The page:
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with the Boston Men and their leadership in opposition to the evolving British colonial policy—but still rather disconcerting for Joseph, who again missed the irony in his situation. American resistance to the British over the past five years, led by men in Massachusetts and abetted by Dennys DeBerdt in London, had undermined the political connections on which Joseph had hoped to build his new life with Esther.14 Joseph and the family faced a grim situation. The DeBerdts had lost money and influence. The firm owed far more than it could pay. If the creditors demanded their full rights, they could legally seize and sell the personal possessions of Martha, Esther, and Dennis. Moreover, the family had few human resources on which it could rely. Esther’s brother was a liability: more likeable than useful. As Joseph described him, he was “the gay, volatile and lively” young man who had been “brought up in the expectation of a handsome fortune.” He was, Joseph admitted, “far from wanting in sense, but it was not the sense of a man of the world.” Dennis had, Joseph said, the “kind of understanding which makes him agreeable rather than useful.” Since “he has never been made master of business,” Joseph concluded, “he is as much at a loss as you can suppose any person to be entering into life with a disappointed mind, a turn for company, and ignorance of business.” He “would accept some office,” Joseph thought, “if he could get it,” but given the attitude of the current administration, that was a vain hope. “Rather too gay and lively to act ploddingly in a counting house,” some (probably Joseph himself) thought that the best solution was to send the young man off to India to make his fortune in the far reaches of the empire.15 Mrs. DeBerdt, like her son, compounded rather than eased the family’s difficulties. Her plight illustrates the terrible vulnerability of eighteenth-century widows, especially those of commercial men without land. For a quarter of a century or so, Martha DeBerdt had lived as the wife of a respected London merchant. Her husband’s wealth had provided well for her and her two children. She lived in a well-furnished three-story row house on a fashionable street in the cosmopolitan center of the British Empire. She had a horse-drawn coach for her use in town, a riding horse, and a piano for her daughter. In the winter, she stayed in the city, where she shopped, entertained, went to teas, supervised her children, organized dinners for her husband’s commercial friends, and discussed business with dinner guests. In the summer, she moved her family and her functions to her country home in Enfield, and at least on one occasion she had visited Bath, the exclusive health spa for families of London’s most successful entrepreneurs. She had 87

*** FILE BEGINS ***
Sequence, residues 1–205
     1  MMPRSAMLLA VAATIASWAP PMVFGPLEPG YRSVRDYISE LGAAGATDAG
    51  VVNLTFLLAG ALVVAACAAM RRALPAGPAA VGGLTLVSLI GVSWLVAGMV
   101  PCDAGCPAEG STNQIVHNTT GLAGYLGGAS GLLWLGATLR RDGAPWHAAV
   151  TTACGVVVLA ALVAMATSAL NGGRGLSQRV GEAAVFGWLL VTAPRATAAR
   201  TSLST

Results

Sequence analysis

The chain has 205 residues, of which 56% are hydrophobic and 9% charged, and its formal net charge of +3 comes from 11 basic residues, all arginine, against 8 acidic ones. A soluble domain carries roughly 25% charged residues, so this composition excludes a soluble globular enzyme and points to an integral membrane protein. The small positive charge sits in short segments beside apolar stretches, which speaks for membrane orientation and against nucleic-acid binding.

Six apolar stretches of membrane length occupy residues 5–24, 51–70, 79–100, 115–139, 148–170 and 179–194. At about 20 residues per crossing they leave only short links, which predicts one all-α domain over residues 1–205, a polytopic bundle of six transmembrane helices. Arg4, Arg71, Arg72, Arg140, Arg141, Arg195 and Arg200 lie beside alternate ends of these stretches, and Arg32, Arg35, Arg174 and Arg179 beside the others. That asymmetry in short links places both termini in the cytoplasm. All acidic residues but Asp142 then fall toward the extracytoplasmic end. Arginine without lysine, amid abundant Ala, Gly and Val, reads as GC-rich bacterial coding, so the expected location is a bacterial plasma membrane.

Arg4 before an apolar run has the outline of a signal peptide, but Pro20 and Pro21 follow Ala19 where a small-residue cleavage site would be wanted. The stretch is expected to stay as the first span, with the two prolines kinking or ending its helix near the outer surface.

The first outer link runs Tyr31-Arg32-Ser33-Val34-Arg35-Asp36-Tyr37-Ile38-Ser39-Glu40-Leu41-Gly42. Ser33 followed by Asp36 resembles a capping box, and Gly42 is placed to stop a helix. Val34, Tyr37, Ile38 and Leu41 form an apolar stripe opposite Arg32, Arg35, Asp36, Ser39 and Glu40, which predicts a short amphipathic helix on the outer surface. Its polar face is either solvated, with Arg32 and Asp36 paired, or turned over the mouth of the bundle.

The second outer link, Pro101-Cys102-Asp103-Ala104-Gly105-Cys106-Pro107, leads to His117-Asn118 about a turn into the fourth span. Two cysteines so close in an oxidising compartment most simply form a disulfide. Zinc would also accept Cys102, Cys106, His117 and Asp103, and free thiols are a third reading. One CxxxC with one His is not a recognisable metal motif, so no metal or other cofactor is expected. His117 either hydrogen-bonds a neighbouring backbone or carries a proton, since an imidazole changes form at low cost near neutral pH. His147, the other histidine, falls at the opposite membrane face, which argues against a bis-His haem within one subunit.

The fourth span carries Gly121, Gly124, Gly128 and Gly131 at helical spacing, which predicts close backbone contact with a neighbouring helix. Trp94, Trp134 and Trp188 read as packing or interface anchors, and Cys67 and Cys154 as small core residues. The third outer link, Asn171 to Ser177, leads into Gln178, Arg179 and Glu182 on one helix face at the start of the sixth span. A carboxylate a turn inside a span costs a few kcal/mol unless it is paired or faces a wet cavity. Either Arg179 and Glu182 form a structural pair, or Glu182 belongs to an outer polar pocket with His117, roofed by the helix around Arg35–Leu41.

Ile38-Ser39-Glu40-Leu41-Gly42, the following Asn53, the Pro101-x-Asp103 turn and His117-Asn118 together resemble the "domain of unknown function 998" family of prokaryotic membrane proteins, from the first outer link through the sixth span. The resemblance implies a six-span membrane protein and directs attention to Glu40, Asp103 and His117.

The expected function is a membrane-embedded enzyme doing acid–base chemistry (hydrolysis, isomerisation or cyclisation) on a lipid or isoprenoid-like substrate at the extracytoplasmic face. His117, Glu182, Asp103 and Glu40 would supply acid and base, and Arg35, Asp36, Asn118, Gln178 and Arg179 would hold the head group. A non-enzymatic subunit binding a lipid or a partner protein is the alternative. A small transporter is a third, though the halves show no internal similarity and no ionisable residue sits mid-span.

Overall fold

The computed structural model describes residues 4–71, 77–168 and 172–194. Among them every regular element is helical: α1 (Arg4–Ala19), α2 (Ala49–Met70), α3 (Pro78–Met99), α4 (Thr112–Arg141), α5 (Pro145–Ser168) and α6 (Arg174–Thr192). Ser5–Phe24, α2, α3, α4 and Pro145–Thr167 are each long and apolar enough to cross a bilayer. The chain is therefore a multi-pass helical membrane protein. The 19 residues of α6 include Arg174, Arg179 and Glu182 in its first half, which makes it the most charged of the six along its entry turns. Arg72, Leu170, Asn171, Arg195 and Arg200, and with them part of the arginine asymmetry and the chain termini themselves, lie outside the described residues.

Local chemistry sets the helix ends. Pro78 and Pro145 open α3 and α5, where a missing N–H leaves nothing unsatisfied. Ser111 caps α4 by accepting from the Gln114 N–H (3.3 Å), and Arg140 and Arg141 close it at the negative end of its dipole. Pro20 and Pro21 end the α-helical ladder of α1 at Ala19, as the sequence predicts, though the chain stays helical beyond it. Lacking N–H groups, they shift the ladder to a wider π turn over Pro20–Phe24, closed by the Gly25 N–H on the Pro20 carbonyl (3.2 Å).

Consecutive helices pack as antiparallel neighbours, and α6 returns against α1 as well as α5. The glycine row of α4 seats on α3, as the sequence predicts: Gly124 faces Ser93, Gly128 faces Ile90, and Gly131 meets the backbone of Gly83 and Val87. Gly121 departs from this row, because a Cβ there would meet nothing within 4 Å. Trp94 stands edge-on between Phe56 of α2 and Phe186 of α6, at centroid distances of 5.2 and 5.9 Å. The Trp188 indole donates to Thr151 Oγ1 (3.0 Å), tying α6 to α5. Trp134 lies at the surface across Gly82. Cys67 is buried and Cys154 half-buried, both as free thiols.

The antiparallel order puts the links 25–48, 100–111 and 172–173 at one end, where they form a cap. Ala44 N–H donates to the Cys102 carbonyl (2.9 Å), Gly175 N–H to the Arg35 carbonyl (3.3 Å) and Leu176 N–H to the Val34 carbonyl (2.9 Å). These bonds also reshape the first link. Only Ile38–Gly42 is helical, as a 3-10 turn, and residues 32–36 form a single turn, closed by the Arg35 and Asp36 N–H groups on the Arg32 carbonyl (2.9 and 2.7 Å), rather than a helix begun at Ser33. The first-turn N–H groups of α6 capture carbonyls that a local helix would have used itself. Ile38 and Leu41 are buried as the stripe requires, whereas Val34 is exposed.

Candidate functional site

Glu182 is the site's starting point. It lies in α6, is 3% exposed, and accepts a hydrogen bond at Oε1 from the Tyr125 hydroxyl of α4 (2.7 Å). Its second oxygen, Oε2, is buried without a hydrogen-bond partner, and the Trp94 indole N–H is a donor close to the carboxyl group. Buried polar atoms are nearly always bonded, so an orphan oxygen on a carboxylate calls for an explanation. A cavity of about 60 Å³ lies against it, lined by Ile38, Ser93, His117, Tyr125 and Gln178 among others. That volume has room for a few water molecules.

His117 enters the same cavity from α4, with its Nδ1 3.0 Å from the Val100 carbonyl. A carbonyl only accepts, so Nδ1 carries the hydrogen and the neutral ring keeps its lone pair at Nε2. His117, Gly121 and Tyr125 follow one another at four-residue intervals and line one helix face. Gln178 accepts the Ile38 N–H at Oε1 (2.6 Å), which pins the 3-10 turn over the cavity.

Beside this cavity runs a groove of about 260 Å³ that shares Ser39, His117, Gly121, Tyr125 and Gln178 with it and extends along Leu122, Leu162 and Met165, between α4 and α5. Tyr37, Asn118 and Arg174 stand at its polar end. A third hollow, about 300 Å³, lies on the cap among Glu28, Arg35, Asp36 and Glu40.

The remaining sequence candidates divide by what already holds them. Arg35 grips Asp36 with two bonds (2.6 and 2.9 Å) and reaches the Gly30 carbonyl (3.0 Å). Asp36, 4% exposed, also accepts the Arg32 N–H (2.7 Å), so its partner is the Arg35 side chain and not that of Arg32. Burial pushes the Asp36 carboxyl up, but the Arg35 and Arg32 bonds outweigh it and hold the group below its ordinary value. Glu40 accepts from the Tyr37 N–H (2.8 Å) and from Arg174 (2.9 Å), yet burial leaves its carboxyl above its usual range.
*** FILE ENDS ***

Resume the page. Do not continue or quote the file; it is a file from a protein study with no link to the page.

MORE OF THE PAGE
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enjoyed autonomy in her home, standing in her community, and purpose in life. Then, suddenly, she found herself without funds and dependent upon others. Her initial reaction was denial. On one level, she must have understood the magnitude of the crisis she faced. She had a fair understanding of her husband’s business affairs. He had had sufficient confidence in her knowledge and judgment to appoint her one of the three executors of his estate. She, as one of the executors, had already begun to negotiate with the creditors before Joseph arrived.16 But on a different level, she continued to act as if she were still financially independent. She said that she was unwilling “to live as it were pensioners upon the bounty of others.” In reality, that was precisely what she had to do, yet she continued to live as she had lived for years: shopping, spending, coming, going, seeing, and being seen while the creditors threatened to invade her home and seize her furniture. Martha DeBerdt needed to face reality, and in time it would be Joseph’s responsibility to help her understand, but he hesitated. She “still flatters herself there will be some surplus,” Joseph wrote to Pettit, “and it is almost a pity to remove the delusion, but it will be necessary to regulate her conduct.”17 Esther, in contrast to her brother and mother, better understood the nature and the extent of the calamity. With them, she had lost her beloved father. With them, she had also lost much of the material base of her daily life. These things she had come to grips with early on. Although Joseph thought it was “necessary for health that she should ride,” she sold her horse.18 But, in addition, and of far greater consequence for her and for them, she had also lost her bargaining power in the marriage market. John Cox had once estimated that Esther was “an agreeable girl,” a “very pretty thing,” and “worth some £10,000 to £20,000.” A dowry of that magnitude would make Esther a very desirable young woman.19 But she had lost that dowry. How would Joseph handle that now? Until the death of her father, Esther had expected that her life of comfort, love, and security would continue. She would marry Joseph. They would live in London. They would be happy. Indeed, as Joseph described it, Esther, like her mother, had lived in “comfort and love,” and he might well have also added “security.” But now, the money was gone. She brought no economic resources to the table, and Joseph had no future in London. What would he do?20 Esther knew that ambitious young men in her social world would hesitate to marry a penniless woman. She also knew that if Joseph chose to abandon her, everyone in her world, young and old, male and female, would approve 88